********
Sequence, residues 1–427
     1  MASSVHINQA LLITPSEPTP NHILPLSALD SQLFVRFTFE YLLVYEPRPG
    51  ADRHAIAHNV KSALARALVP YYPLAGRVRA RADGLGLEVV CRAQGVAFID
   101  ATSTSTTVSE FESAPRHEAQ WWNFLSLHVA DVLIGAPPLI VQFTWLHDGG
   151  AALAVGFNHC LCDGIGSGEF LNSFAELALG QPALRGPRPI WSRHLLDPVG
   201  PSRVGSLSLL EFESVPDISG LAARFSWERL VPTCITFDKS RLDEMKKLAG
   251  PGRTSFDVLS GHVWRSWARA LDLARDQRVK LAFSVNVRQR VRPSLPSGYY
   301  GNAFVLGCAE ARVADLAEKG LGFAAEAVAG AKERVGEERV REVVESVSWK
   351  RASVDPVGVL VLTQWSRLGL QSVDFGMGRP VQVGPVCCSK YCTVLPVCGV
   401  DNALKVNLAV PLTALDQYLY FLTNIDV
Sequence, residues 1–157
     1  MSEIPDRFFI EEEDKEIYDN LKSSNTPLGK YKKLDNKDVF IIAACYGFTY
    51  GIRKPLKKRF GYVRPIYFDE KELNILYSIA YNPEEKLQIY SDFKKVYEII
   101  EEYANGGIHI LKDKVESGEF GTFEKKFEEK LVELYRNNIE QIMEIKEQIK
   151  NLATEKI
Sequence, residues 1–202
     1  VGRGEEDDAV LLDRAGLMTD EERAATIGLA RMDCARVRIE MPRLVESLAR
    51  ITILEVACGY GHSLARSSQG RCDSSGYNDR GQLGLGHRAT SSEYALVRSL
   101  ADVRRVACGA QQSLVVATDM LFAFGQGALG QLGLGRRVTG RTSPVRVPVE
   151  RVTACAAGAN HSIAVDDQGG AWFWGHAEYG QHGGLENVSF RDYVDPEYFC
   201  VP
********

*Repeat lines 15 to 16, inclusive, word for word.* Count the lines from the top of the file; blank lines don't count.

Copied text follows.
   151  NLATEKI
Sequence, residues 1–202